Workplace stress is an inevitable aspect of busy work life for employees. While people manage stress in multiple ways successfully, work-related stressors can lead to burnout if poorly managed. Prolonged and excessive stress can drain the employees physically, emotionally, and mentally, leading to workplace burnout.
A Mckinsey report shows that 4 in 10 employees in India exhibit signs of burnout, anxiety, and depression. However, employers are not aware of spotting these signs. Burnout results in disengagement from work and makes them more cynical. As a result, it lowers employee productivity. So, employers must identify signs of burnout and create employee wellbeing programs to combat the adverse impacts of burnout on employees and organisations.
Stress Vs Burnout
Stress has a short-term effect on a person, commonly triggered by specific situations or people. People who are stressed can manage their mental health better when the triggers disappear.
On the other hand, burnout has a long-term adverse effect on physical and mental health. Chronic stress at work can also affect organisational outcomes. About 65% of the Indian workforce is considering changing jobs in 2023, mainly due to workplace burnout.
Burnout prevents employees from being fully functional at work. Some risk factors that cause workplace stress are:
- Heavy workload
- Lack of control for employees
- Inadequate support from management
- Interpersonal conflict
- Unclear job role
- Improper communication of change.
Pressure Causes Burnout
Work-related stressors such as unmanageable workload, lack of autonomy, and poor work-life balance will ultimately lead to burnout. High work pressure results in physical and mental exhaustion leading to employee burnout. It decreases job satisfaction and can cause absenteeism. Dissatisfied employees will result in higher employee turnover.
Burnout can alter employees' workplace behaviour as they lose their sense of personal identity. It can cause other negative outcomes, such as poor quality of work. While studying workplace fatigue, 38% of Indian employees showed clear signs of burnout. Managers and supervisors must learn how to recognise signs of burnout to ensure the emotional wellbeing of their employees. HR must design employee assistance programs that benefit employees and organisations.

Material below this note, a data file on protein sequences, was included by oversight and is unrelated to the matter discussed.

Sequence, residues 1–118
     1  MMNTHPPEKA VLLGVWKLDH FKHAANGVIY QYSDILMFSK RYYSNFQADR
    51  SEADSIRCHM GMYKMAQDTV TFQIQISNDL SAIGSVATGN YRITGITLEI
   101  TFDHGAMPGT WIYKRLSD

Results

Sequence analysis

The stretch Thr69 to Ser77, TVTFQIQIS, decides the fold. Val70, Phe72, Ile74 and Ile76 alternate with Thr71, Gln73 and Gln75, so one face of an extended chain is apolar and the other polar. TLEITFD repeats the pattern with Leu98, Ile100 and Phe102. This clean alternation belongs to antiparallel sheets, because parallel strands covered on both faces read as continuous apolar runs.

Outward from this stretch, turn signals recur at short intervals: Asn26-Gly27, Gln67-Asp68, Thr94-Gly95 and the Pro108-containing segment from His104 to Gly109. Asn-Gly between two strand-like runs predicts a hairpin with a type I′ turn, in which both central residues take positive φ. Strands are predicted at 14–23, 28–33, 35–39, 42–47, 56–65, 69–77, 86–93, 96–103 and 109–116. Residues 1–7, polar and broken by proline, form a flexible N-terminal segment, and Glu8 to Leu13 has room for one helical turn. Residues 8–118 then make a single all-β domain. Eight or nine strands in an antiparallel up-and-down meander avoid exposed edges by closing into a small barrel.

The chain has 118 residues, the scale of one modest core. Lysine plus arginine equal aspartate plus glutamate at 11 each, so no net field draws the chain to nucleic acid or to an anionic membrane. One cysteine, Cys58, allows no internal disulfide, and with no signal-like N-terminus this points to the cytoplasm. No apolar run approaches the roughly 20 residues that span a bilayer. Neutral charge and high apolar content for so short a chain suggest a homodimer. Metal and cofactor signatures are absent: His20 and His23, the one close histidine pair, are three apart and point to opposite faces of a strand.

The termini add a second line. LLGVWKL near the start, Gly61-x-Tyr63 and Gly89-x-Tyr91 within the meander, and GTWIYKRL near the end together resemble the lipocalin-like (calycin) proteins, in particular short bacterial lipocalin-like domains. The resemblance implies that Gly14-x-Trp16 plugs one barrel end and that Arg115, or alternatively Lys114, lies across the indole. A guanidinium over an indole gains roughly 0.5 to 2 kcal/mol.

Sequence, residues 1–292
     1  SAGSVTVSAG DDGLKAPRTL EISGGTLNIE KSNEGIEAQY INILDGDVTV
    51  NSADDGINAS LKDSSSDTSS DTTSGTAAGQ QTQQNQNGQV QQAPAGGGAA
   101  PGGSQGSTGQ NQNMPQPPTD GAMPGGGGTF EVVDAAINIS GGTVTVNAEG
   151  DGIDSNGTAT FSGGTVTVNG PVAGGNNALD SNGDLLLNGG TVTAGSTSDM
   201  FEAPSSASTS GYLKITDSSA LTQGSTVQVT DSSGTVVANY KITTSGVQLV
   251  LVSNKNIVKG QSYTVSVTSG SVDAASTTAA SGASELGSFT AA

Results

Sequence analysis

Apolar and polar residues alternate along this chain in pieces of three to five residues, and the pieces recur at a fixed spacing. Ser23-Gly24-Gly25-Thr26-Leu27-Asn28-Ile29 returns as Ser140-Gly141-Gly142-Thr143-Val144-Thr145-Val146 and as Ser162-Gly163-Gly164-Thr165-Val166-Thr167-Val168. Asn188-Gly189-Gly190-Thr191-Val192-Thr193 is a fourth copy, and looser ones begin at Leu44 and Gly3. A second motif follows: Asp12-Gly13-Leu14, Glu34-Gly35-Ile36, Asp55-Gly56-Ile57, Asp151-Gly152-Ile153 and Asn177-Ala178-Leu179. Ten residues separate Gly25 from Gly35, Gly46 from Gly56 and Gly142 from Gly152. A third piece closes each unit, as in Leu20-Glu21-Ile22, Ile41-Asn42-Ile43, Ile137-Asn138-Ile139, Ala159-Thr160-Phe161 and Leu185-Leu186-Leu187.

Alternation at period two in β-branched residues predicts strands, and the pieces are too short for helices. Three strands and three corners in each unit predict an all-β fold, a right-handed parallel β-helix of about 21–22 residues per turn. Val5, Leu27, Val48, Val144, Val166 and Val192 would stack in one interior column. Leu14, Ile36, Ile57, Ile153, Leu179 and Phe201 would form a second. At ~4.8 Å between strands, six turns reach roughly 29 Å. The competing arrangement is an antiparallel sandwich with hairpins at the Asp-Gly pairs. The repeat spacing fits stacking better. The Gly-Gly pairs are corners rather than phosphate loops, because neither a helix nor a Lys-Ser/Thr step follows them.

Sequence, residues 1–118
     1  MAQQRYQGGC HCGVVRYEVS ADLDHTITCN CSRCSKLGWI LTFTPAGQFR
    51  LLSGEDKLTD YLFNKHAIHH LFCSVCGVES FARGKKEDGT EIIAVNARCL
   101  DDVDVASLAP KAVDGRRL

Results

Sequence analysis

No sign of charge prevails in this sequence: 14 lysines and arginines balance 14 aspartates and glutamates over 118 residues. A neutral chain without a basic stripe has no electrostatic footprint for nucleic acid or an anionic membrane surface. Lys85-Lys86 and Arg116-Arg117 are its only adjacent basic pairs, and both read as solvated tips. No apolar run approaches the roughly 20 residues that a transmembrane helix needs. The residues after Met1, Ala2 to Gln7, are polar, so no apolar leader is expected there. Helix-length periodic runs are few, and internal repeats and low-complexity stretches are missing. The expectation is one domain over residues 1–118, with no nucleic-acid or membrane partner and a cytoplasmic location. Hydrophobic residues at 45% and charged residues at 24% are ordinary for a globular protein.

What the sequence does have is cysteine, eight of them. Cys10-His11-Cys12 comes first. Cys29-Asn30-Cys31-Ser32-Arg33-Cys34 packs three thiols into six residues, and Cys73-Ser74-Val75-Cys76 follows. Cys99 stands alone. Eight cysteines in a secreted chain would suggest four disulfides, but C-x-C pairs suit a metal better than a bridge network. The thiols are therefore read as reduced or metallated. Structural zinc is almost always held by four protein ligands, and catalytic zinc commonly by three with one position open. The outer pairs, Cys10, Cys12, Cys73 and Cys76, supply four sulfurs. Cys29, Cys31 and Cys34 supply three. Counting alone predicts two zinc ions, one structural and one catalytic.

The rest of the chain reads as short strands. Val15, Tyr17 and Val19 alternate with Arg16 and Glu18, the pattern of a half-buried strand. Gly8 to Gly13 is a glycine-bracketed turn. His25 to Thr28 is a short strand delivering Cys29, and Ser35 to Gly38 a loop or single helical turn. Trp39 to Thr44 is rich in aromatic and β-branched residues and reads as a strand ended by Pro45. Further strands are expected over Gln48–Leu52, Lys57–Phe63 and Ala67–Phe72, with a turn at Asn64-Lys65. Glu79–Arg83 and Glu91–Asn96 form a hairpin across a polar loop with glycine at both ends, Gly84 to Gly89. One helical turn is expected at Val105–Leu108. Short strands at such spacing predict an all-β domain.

Employers must provide evidence-based mental health benefits that are easily scalable to support mental health in the workplace. Digital-first solutions provide employees immediate access to mental health tools anytime, anywhere. Due to the stigma, employees are not comfortable discussing mental illness at work.
Supporting team mental health using independent, external, and non-judgemental services is crucial. This can be achieved with an employee wellbeing platform available 24/7 to offer discreet, timely support for effective stress management. In addition to the practical tools for supporting mental health in the workplace, the organisational culture also has to change. Employers must design innovative strategies to avoid long work hours and provide a good work-life balance for employees.
Addressing burnout is not ‘just’ about offering some office perks. It is about creating a focused plan for improving employee morale and increasing job satisfaction by designing employee wellbeing programs that include mental health support. A Towers Watson report shows that 54% of companies are moving towards an updated strategy for promoting employee wellness. Recognising the need for mental health benefits to address the mental illness of employees is the first step. Simple actions can help employers create a supportive environment for employees' mental wellbeing:
- Regular check-ins with employees – Regularly interacting with employees and asking how they cope with work will help build employee connections. Managers and supervisors must encourage employees and provide access to useful resources for employee support. When they sense that employees are struggling, simple questions like ‘How can I best support you?’ or ‘What help do you need at the moment?' will help uncover ways to address employee mental health issues.
- Accessible mental health resources – Digital platform for mental health benefits provides tools, programs, and resources for employees when needed. Leaders must prioritise the mental wellbeing of the workforce and communicate the availability of such resources.
- Illustrate healthy culture – Employers must foster behavioural changes to create a workplace wellbeing culture. Managers and supervisors must take care of their team members and provide opportunities for work breaks. This time offs and holidays will encourage them to take a break from work-related stressors and recover. Open and transparent communication will break the stigma of mental illness at work when the team shares their struggles on a common platform.
Organisations must make strategic efforts for preventing burnout. In a survey, 41% of Indians reported that poor work-life balance negatively impacts their well-being. When leaders check up on employees and ask about their problems, it will help in increasing employee engagement in the company. Organisations can offer flexible work schedules and autonomy to promote a good work-life balance. Employees also love time-offs and vacations that help them recover from work stress. HR must design employee assistance programs with flexible and accessible mental health benefits. Providing discreet, immediate, and 24/7 access to mental health tools and resources will ensure that employees get timely assistance whenever they need it.
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